Fictional Character
"Leg Irons, the Bitch and the Wardrobe"
by Laura Frankos
Type of Appearance: Direct
Nationality: Leffing
Occupation: Actress

Polsiee was a veteran actress in Leffing's theater scene, whose resumé included a tawdry women's dungeon drama. While Polsiee remained attractive as she aged, she had become somewhat fat. Polsiee was hired to perform in Away We Go, a melodrama written by a member of the royal family. This play, set to be an entry in the Combined Kingdoms' Dramatic Festival, was intended as a vehicle for Princess Louizza, daughter of King Pennilvath.

Under the direction of Cammek, Polsiee was cast as the lady-in-waiting, the play's humorous supporting character. Rehearsals were not working out, and Cammek despaired of the play to the point that he attempted to flee the country. After the royal guards forcibly brought him back, Tip-lea-pon, the Princess' bodyguard, stepped in with a clever overhaul of the play. In the new plan, Polsiee was recast as the baroness, mother of the protagonist. She was outraged, saying that this would ruin her career by leaving audiences unable to ever perceive her as anything but a matron.

On opening night, Polsiee disappeared during intermission, and her understudy took over. In the next act, Louizza's life was endangered when a jeweled ostrich fell from the ceiling, nearly crushing Louizza. Cammek immediately had security search for Polsiee, but she was nowhere to be found. Louizza would not be deterred, and insisted on going on with the show.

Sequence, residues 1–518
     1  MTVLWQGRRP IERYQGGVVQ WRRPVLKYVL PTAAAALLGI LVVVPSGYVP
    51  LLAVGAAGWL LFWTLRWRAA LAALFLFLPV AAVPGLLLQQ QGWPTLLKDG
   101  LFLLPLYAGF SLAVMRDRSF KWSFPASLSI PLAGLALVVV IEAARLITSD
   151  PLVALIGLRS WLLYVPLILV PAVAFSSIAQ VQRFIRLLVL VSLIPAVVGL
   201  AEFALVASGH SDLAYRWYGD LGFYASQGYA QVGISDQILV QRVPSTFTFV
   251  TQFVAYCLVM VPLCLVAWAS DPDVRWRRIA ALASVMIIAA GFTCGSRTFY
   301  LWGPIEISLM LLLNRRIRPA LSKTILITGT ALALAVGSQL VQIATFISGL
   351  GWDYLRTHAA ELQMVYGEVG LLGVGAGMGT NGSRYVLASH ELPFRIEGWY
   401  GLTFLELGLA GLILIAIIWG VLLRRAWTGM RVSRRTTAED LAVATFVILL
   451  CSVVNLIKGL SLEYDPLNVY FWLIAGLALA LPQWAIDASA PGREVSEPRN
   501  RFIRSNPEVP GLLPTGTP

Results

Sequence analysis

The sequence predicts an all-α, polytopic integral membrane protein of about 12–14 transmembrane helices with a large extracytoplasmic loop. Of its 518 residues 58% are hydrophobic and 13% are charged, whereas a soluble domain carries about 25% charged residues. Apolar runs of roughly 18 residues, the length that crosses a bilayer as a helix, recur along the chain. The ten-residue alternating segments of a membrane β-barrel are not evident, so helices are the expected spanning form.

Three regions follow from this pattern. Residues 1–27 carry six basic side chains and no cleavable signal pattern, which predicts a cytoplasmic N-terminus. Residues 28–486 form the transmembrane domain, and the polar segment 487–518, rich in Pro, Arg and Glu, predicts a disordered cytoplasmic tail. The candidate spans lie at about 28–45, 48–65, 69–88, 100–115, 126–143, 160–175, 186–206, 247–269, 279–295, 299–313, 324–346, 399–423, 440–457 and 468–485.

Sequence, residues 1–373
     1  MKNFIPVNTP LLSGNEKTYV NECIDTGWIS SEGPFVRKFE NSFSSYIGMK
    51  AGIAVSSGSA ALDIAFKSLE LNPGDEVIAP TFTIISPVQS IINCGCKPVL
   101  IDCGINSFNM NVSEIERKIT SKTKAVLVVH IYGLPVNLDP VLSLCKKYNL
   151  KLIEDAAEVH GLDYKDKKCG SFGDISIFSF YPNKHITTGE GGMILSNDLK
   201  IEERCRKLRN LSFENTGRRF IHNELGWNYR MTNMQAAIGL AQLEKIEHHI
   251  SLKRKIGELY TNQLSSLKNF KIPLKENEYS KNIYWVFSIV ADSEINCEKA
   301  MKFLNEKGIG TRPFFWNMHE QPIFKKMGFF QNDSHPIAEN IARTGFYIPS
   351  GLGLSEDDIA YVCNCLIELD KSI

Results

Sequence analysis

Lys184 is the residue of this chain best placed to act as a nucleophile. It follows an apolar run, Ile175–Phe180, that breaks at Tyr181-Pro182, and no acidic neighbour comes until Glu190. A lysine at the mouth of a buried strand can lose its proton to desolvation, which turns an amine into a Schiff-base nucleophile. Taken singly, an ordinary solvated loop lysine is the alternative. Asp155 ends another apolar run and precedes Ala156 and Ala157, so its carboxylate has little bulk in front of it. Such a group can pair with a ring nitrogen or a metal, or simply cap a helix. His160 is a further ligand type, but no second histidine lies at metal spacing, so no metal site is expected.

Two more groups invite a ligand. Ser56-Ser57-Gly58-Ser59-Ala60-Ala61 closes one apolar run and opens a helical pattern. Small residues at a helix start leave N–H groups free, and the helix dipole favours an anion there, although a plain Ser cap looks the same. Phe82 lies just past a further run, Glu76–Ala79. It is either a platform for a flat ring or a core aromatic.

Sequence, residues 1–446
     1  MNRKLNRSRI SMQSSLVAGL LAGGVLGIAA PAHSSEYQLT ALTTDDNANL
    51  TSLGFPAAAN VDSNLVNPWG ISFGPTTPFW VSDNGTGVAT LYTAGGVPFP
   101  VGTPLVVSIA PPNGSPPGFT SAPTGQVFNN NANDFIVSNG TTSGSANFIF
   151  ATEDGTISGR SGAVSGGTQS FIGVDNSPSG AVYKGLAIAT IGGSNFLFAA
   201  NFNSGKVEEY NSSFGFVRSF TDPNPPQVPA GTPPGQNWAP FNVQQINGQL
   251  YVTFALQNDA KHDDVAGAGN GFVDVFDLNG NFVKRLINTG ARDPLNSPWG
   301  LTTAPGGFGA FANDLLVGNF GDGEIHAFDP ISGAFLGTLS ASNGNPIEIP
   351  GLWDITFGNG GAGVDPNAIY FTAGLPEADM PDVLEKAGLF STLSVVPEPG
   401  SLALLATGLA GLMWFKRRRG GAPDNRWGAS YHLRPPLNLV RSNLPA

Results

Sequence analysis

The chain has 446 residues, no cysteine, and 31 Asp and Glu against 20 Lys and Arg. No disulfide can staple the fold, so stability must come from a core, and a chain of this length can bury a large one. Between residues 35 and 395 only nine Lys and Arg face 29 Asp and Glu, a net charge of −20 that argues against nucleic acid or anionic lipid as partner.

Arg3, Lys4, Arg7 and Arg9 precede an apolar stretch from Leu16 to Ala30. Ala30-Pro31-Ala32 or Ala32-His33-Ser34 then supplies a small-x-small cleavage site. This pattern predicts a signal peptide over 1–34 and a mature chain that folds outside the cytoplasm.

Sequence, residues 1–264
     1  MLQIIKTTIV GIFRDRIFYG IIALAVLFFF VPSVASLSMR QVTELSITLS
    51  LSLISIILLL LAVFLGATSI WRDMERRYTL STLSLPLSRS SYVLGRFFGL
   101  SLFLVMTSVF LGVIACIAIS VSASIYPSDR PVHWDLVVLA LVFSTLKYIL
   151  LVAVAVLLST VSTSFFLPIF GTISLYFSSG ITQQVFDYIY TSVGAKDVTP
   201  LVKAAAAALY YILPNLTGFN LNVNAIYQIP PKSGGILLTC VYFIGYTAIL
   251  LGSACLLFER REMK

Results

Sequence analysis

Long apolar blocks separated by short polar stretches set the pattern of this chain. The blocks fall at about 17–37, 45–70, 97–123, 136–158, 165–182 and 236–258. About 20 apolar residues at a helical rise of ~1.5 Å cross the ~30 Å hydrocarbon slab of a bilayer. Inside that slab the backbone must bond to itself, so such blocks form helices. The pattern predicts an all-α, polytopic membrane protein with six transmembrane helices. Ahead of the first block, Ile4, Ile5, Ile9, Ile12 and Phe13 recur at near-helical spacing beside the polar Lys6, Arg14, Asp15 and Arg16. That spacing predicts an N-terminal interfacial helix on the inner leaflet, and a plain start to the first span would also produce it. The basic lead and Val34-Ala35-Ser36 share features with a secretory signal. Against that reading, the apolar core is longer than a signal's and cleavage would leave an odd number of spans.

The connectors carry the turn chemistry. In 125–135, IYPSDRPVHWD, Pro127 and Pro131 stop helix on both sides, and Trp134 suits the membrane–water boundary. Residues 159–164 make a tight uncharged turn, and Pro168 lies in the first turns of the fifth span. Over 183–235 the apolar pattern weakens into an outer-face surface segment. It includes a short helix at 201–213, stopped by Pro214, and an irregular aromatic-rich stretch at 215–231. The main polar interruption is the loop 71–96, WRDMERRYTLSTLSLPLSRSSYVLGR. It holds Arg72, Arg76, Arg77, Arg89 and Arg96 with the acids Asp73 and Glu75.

The play completed without incident, to the audience's delight. While Cammek was receiving a standing ovation, a crossbow bolt flew over his head. Polsiee was sighted in the lighting tower, firing more bolts. Tip-lea-pon rushed up and subdued Polsiee, turning her over to other guards. As Polsiee was led away, she hissed "He had it coming! He had it coming! The Festival is no place for wild innovations!" All others present disagreed with this. The King stated that he had never liked Polsiee's stage presence, always posturing instead of acting.

As Polsiee was led away, members of the press followed, eager to learn the full story of the actress' descent into madness.